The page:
Poetry and Gardening

Musings from the days of a creative writer/gardener with a true appreciation for nature, meditation, and poetry.

Tuesday, July 14, 2015

The Buddha in the Garden Moves to a New Location

Through the years, the Buddha that is the "logo" for this blog has moved from a three-bedroom Victorian-style house with glorious rose gardens (dozens of bushes) and a sunny cottage garden to a third-floor balcony garden overlooking a meadow where deer visited every night, and from there to a 1921 bungalow near the uptown area of a small Southern town.  Now that Buddha is sitting under my orange-red-green striped umbrella on the back patio pad of my new place, a townhouse ten minutes from downtown Durham.  No matter where he is, the Buddha is comfortable, but he's getting old and the paint is beginning to chip.  I love him even more than when he was new . . .

To celebrate the way this Buddha has enhanced each garden where he (and I) has lived, I've chosen to share a poem by one of the classic masters.  Simple, sweet, and natural.

All sentient beings are essentially Buddhas. 
As with water and ice, there is no ice without water; 
apart from sentient beings, there are no Buddhas. 
Not knowing how close the truth is, 
we seek it far away 
--what a pity! 
Hakuin Ekaku Zenji

Sunday, June 14, 2015

The Dreaded Black Spot, Scourge of a Rosebush Life

This blog post is one of (I'm sure!) many I'll write in the near future, so if I don't cover something, shoot me a message, and I'll do a blog on it.

Roses.  I love them, but I've almost given up on roses several times because of the horrible infestations of Black Spot that my poor bushes would endure year after year.  At one point, I had 54 bushes, all types of roses, and I spent some serious money on hybrids and disease resistant breeds.  I hated seeing the first indication of Black Spot because I knew if I didn't spend a couple of hours a day hand-picking the leaves, then it would spread faster than butter in July.  You have to love roses to put up with their weakness to disease (and don't get me started about Japanese beetles).

Through the years, I found more than half a dozen sworn-by-the-expert cures but none of them truly worked with 100% efficiency and several made a serious dent in the checkbook.  And I've also discovered that weather can really be your enemy when you're trying to treat Black Spot.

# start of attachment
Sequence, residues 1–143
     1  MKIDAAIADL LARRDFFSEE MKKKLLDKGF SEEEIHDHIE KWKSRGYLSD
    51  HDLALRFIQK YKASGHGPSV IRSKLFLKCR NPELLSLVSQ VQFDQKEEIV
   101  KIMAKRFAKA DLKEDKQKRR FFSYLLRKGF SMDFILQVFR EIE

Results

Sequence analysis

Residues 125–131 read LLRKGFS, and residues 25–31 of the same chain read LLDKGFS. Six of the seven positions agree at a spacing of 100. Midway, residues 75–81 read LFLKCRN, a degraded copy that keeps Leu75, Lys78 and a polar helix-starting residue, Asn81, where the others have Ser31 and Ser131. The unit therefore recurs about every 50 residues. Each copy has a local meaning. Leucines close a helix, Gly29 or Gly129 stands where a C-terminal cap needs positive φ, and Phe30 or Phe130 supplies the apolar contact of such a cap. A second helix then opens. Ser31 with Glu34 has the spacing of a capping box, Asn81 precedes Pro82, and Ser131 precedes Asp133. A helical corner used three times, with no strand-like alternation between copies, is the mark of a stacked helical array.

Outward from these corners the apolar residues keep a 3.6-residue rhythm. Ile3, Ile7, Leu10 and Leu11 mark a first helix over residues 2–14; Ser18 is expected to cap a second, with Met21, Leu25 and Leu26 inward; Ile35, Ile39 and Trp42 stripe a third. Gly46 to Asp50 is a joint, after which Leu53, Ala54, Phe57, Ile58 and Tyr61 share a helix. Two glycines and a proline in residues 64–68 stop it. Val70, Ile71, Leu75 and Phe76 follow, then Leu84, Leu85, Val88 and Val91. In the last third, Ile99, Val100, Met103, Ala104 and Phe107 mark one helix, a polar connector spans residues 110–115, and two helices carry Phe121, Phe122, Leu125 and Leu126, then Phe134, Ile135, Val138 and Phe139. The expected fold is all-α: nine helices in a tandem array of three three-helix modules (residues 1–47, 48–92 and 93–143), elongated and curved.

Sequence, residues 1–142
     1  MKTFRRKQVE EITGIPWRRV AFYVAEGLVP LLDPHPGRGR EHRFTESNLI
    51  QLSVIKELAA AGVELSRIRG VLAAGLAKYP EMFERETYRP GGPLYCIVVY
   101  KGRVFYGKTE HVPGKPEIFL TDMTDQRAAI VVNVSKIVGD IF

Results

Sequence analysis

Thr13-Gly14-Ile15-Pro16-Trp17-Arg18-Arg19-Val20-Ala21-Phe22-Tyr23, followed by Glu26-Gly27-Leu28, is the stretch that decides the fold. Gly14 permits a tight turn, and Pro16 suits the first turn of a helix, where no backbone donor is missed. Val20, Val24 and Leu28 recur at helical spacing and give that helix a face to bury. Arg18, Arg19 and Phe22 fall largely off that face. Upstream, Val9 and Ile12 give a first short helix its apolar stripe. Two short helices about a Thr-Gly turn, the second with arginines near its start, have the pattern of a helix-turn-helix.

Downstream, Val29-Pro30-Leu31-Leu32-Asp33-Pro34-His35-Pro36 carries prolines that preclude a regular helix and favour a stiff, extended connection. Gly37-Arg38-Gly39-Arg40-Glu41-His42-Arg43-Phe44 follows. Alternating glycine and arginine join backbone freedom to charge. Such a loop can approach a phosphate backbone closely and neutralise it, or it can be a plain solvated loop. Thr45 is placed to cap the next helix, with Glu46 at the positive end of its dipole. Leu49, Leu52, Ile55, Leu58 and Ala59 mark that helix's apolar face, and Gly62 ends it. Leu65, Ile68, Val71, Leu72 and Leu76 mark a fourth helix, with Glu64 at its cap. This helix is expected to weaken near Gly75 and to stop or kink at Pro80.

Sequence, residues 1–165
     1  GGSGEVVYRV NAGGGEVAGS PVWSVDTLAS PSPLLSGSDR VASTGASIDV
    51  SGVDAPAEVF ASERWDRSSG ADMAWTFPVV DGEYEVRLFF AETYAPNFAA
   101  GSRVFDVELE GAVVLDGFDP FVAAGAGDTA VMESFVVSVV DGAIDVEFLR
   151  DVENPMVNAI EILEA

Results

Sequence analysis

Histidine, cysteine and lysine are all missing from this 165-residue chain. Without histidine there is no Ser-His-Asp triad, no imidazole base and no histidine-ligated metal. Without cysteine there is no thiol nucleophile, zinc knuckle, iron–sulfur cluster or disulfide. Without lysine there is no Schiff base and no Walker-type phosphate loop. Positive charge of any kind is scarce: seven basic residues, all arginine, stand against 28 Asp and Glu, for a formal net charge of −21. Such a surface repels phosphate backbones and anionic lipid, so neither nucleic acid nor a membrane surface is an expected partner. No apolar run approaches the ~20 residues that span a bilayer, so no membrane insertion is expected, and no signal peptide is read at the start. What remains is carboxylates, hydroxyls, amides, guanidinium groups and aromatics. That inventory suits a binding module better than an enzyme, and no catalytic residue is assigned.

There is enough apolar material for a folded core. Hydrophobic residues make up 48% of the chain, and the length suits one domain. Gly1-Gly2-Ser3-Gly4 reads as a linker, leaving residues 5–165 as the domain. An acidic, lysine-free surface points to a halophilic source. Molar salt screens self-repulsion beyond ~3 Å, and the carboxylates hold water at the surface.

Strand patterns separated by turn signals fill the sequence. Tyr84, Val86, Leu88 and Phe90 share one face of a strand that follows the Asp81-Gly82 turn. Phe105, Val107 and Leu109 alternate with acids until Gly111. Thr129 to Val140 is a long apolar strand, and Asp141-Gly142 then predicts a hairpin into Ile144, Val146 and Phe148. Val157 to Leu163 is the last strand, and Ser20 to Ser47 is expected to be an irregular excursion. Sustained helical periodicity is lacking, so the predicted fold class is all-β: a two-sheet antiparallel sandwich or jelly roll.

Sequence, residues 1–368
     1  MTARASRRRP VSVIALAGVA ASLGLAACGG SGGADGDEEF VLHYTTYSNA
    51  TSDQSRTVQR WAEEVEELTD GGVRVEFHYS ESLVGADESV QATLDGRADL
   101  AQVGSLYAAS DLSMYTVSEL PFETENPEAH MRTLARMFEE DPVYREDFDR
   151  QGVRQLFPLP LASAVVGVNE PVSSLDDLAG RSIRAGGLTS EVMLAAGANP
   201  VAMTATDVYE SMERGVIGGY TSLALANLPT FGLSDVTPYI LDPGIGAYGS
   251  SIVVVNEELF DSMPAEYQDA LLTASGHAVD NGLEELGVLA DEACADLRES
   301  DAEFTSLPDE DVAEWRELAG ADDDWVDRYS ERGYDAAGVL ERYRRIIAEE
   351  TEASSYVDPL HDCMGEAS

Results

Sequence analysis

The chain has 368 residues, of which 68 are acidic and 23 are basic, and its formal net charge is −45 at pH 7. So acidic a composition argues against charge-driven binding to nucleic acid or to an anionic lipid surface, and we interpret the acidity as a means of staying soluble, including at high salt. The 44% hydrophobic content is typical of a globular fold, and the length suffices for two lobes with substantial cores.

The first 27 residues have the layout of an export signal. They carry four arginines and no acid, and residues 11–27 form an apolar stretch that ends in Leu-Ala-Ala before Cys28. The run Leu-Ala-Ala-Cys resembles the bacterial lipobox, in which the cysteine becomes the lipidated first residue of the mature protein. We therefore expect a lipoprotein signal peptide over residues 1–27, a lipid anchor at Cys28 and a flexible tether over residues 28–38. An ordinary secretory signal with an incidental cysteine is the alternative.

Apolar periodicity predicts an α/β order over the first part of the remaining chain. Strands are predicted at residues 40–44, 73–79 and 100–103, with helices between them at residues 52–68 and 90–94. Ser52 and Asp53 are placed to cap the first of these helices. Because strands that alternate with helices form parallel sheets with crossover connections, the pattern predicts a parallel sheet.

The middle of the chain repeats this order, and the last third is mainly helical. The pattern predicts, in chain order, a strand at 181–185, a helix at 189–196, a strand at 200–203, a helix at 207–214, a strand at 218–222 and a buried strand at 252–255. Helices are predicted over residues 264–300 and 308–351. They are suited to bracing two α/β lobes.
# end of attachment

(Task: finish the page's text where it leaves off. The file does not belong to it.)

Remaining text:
There are a couple of things that have worked for me during the years, and one of them that I would normally recommend is something I just discovered is extremely toxic to animals, so I'm leaving that one off my list of suggestions.

Because the disease is spurred on by heat and humidity, Black Spot usually happens during the height of summertime, which means you get to enjoy your roses for about a month (where I live) before you see the first telltale signs.  If you know you might have the disease in some existing roses, it's a great idea to treat before you see the slightest signs of the disease.  Prevention includes making sure that the space where your roses are planted is clean of debris and that the roses have plenty of sunlight and breathing space.  If the bushes have grown since first planted and are now touching each other, Black Spot will spread like . . . well, the plague.

So, preventing Black Spot:
  • Plant roses at least 24" apart in holes that are three times the size of the root ball.
  • Ensure roses get sunlight most of the day and that they are watered regularly (Note:  everything can be argued, and I'm sure my sister will tell you that the roses she has out behind her house facing a very busy highway have been very successful thriving without any human help whatsoever).
  • Keep the ground around the roots of the plant clean of dead leaves and debris (Black Spot moves into the plant when the spores on the ground connect with the rose via ground water).
  • As soon as the bush starts to leaf out, spray the bush with a Baking Soda Spray (1 tsp baking soda, 1 quart water). Add a couple of drops of non-bleach detergent to the mix so that the baking soda will stick to the leaves.
  • Make sure that every leaf is sprayed, top and bottom.
  •  If the Baking Soda Spray doesn't work, check with the local greenhouse for Neem oil.
  • Watch the plants and clean, water, treat them at least every week, preferably every four days.
  • Caveat:  Some gardeners swear by a very strong fungicide, and you might want to try that, too, but I've tried to deal with this issue as naturally as possible.
Throughout the summer, continue this prevention program and make sure you trim/prune your bushes regularly so that you'll keep this disease (and others) at bay.

The point is to get roses that look like this:

~~~***~~~   ~~~***~~~   ~~~***~~~   ~~~***~~~   ~~~***~~~   ~~~***~~~   ~~~***~~~

And this post's poem is, of course, about the beautiful rose.

'Asking for Roses' by Robert Frost

A house that lacks, seemingly, mistress and master, 
With doors that none but the wind ever closes, 
Its floor all littered with glass and with plaster; 
It stands in a garden of old-fashioned roses. 

I pass by that way in the gloaming with Mary; 
'I wonder,' I say, 'who the owner of those is.' 
'Oh, no one you know,' she answers me airy, 
'But one we must ask if we want any roses.' 

So we must join hands in the dew coming coldly 
There in the hush of the wood that reposes, 
And turn and go up to the open door boldly, 
And knock to the echoes as beggars for roses. 

'Pray, are you within there, Mistress Who-were-you? ' 
'Tis Mary that speaks and our errand discloses. 
'Pray, are you within there? Bestir you, bestir you! 
'Tis summer again; there's two come for roses. 

'A word with you, that of the singer recalling- 
Old Herrick: a saying that every maid knows is 
A flower unplucked is but left to the falling, 
And nothing is gained by not gathering roses.' 

We do not loosen our hands' intertwining